US deportation of Europeans surges, on track to surpass 2016 numbers

US deportation of Europeans surges, on track to surpass 2016 numbers
Not immune to President Donald Trump’s deportation policy, Europeans illegally in the US are being sent back overseas at an increasing rate. So far this year, around 1,300 have been deported.

The number of Europeans in the US illegally is currently on track to surpass last year’s deportation numbers. From January 1 to June 24 this year, some 1,300 Europeans were deported, nearly as many as the 2016 total of 1,450 deportations, according to Immigration and Customs Enforcement (ICE), the Associated Press reported.

Magdalena Dolas, executive director of the Polish American Association in Chicago, has said that the organization she belongs to has been asked to give talks about what people should do if immigration officials come to get them at their residence.

Polish and Irish community groups in the city of Chicago have reported experiencing more inquiries about citizenship-related services, in regards to people seeking legal protections against deportation.

John Cunningham, who worked as an electrical contractor, is a well-known Irishman in Boston who came to the US with a 90-day visa over a decade ago. He overstayed and had been in the US up until last week when he was deported. Cunningham had a warrant out for his arrest after not showing up to a court hearing in a dispute with a customer. State records showed he also was not licensed as an electrical contractor, the Los Angeles Times reported.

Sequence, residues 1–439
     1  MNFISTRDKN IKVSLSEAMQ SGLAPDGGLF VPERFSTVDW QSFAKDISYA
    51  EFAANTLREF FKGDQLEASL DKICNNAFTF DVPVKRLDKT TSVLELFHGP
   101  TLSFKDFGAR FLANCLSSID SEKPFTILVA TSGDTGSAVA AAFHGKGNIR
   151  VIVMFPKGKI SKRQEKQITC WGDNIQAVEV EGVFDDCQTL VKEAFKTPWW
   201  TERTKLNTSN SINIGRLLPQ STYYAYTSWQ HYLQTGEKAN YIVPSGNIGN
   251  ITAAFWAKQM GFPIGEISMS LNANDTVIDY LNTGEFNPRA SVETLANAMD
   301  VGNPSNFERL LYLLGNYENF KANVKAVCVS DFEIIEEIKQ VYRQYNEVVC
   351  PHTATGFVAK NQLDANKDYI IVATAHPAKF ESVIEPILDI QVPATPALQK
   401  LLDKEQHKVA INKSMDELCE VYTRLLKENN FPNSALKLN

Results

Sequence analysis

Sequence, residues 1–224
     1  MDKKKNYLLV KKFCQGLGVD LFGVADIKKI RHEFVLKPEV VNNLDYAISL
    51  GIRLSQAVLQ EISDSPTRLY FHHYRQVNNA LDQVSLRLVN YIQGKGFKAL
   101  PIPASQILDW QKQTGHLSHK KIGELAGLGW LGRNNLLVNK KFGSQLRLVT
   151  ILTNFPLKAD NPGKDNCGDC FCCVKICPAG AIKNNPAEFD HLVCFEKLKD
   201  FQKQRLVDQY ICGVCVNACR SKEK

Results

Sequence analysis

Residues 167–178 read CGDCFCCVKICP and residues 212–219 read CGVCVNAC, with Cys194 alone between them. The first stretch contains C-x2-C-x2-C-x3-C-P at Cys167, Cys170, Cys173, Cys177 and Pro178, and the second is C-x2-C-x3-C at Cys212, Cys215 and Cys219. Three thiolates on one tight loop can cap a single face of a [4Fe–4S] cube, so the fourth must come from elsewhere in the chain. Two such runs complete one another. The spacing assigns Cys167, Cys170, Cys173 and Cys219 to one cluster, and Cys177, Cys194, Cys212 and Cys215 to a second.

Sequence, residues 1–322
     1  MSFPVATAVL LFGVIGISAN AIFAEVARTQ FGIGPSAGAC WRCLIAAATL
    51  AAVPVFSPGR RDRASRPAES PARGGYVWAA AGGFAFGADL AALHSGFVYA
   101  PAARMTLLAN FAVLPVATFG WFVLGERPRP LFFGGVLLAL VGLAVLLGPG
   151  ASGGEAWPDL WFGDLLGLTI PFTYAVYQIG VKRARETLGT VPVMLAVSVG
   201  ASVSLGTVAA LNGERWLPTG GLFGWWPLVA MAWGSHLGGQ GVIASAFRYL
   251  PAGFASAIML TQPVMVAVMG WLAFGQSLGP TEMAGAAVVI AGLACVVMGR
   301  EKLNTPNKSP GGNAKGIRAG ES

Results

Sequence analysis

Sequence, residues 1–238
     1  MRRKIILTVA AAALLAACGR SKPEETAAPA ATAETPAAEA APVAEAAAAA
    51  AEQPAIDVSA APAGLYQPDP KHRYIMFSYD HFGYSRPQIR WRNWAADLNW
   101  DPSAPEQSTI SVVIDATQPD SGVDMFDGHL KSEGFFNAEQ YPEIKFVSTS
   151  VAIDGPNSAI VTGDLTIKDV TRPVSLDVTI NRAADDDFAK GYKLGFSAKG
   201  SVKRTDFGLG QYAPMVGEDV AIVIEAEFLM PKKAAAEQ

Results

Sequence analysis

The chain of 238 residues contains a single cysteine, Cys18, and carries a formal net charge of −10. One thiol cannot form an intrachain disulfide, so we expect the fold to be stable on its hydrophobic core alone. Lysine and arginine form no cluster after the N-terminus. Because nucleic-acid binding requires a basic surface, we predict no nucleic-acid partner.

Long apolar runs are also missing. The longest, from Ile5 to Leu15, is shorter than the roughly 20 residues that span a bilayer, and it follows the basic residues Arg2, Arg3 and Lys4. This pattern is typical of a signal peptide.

Ronnie Millar of the Boston-based Irish International Immigration center told the AP that “people are very, very concerned and lying low.”

Approximately 440,000 of the 11 million illegal immigrants in the US are of Irish descent, according to the Migration Policy Institute, the AP reported.

Large numbers of people from various European countries are seeing a high deportation rate so far this year. From the United Kingdom, already 102 individuals have been deported; from Russia, 81; and 74 people from Poland. These countries accounted for the most deportations last year, according to the study.

Romanians are the largest group in the US being sent back to their original country so far this year, with 193 deported, according to the AP.

In 2017 so far, the total number for all deportations by the Trump administration has reached 167,350. This is compared to 240,255 in all of 2016. Mexicans are leading in the deportation category, with 93,000 people sent back to Mexico.

An HIV-positive Russian asylum seeker in San Jose, California, Denis Davydov, may face deportation due to overstaying a visa. He was detained for more than a month after returning from a vacation. Davydov’s lawyer had him released due to his status as a gay, HIV- positive asylum seeker.

Davydov is feeling vulnerable as his hopes of seeking asylum have recently become uncertain.

“Before this I thought I was doing everything right, but I’m afraid now that doing everything right is not enough. I don’t know what else I can do,” he said, adding, “I feel like it can happen again to me anywhere. In the airport or in the street,” the AP reported.

Ali Noorani, executive director of the immigrant rights group National Immigration Forum, has made the argument that the rise in deportations shows the Trump administration is going too far.

“It’s pretty clear ICE is removing anyone undocumented they come across,” he told the LA Times. “The bigger issue is that the Trump administration is wasting really valuable law enforcement resources on many people who aren’t a public safety threat, whether they’re Irish, Latino, Asian or otherwise.”